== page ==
Bucerotidae (Hornbills)
WHITE-CROWNED HORNBILL (Berenicornis comatus) – Normally the scarcest of the hornbills in Borneo, this fabulous Sundaland specialty was seen beautifully along the Tenangang, where we followed a vocal pair along the edge of the river. With its wonderful laughing call and its bushy crest, this species was one of our favorites. It's considered Near Threatened by the IUCN.

Helmeted Hornbills have a relatively small bill and a casque unique among hornbills in being solid ivory (hence comprising 10% of the bird's total body weight). This bird shows the bare red neck skin and casque that distinguish it as a male. Like other Asian hornbills, he can swallow a number of fruits, carry them in his esophagus to the nest, and regurgitate them one at a time to the tip of the bill to feed the female through a narrow slit in her mudded-in nest-hole. (photo by guide Richard Webster)

HELMETED HORNBILL (Buceros vigil) – At BRL we were extremely lucky to have a ripe fruiting fig in good view along the Hornbill Trail; it was attracting lots of green-pigeons, barbets, and hornbills. It allowed us fabulous studies of a pair of Helmeted Hornbills, surely the most bizarre of the hornbills, both for their looks and their maniacal calls! They have the largest territories of any hornbill, their diet consisting almost entirely of oily figs. Another Sundaland specialty, Helmeted Hornbill is now considered Critically Endangered on the IUCN Red List, owing to the combination of habitat loss and severe hunting pressure resulting from the high value placed on its ivory casque in illegal trade.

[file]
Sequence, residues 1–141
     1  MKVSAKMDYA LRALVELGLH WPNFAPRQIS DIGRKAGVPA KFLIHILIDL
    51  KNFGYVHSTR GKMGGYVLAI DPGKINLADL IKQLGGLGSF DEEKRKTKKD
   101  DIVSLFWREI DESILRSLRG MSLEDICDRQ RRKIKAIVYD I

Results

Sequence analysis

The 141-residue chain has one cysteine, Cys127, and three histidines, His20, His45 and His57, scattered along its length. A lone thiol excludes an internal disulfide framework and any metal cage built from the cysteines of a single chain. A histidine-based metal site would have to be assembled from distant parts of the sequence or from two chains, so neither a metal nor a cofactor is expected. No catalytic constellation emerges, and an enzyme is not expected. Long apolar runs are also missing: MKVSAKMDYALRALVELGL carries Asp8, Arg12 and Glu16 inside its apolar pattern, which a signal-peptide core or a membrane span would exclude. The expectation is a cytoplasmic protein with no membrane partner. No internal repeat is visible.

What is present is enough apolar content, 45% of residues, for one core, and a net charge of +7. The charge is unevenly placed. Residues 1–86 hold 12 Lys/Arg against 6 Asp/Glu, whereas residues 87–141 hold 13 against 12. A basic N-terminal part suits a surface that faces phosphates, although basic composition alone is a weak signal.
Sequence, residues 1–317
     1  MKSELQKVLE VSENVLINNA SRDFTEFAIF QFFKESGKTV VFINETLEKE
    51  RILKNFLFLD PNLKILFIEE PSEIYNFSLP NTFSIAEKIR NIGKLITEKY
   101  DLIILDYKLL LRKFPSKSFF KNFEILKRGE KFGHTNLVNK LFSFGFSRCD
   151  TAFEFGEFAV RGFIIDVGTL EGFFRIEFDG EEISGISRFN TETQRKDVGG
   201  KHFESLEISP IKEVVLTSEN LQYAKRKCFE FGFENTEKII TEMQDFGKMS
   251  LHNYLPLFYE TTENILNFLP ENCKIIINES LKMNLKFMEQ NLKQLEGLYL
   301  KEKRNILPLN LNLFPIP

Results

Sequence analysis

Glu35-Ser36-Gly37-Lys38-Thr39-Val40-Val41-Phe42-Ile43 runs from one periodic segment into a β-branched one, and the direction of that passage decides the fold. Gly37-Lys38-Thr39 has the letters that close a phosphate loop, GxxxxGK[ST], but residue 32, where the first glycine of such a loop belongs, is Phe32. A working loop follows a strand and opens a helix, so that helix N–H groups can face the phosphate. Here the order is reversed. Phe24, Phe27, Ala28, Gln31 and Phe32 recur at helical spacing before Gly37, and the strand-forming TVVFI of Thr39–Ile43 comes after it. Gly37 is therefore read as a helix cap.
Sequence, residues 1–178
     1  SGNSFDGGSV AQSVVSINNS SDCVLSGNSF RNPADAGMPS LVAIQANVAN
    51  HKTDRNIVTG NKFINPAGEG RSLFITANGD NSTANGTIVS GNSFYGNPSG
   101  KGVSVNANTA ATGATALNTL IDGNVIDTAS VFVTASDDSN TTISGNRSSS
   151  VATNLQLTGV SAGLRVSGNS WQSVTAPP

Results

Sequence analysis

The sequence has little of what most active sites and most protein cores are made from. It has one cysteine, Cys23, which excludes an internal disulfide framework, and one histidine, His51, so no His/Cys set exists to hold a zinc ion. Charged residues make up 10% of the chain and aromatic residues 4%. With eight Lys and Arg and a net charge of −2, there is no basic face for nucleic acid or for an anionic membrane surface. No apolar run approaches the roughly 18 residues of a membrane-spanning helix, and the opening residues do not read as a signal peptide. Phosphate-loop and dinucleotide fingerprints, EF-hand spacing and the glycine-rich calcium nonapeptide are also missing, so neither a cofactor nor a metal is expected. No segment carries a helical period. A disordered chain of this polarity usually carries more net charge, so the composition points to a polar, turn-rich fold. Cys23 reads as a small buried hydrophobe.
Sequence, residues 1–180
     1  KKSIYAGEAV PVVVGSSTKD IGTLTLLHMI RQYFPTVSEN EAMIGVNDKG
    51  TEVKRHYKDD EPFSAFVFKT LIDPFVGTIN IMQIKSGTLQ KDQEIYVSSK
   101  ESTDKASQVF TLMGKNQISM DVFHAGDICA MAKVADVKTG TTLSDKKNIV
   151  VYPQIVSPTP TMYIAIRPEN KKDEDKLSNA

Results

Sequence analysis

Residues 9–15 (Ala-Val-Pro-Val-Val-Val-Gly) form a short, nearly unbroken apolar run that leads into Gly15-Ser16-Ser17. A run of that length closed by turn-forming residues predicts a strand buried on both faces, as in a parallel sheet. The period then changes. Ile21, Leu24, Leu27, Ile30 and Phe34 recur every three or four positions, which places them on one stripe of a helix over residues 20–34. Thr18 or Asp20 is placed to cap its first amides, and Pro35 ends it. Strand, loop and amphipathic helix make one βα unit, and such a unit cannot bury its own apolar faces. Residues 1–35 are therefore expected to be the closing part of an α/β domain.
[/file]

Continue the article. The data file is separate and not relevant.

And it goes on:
The bright bills and casques of Buceros hornbills are colored not by pigment, but by the cosmetic application of colored oils from the preen gland on the rump and thus are somewhat variable in individuals. This pair of Rhinoceros Hornbills was in our fabulous fruiting fig at BRL (note the big orange fruits below them). We watched them come and go from the tree, making a roaring "whoosh" with each flight. Remember how to tell that that's the female on the left? (photo by participant David Smith)

RHINOCEROS HORNBILL (Buceros rhinoceros) – Considered Near Threatened, this gruff-voiced Sundaland specialty may be the fairest of all! We saw them throughout the forested lowlands, from pre-tour on the grounds of our lodging at Sepilok right through BRL. Pairs of adults are generally territorial and depend on figs for about 50% of their diet, hunting insects and small animals when figs are scarce. Listen to the embedded recording I made at our "hot" fruiting fig at BRL for both its gruff calls and the incredible sounds produced by it its wings in flight.

Bushy-crested Hornbills belong to a small genus distinguished by broad, bushy head feathers and the fact that juveniles of both sexes resemble the adult male in plumage. We watched this group assembling to roost from the slope at Gomantong. (photo by guide Richard Webster)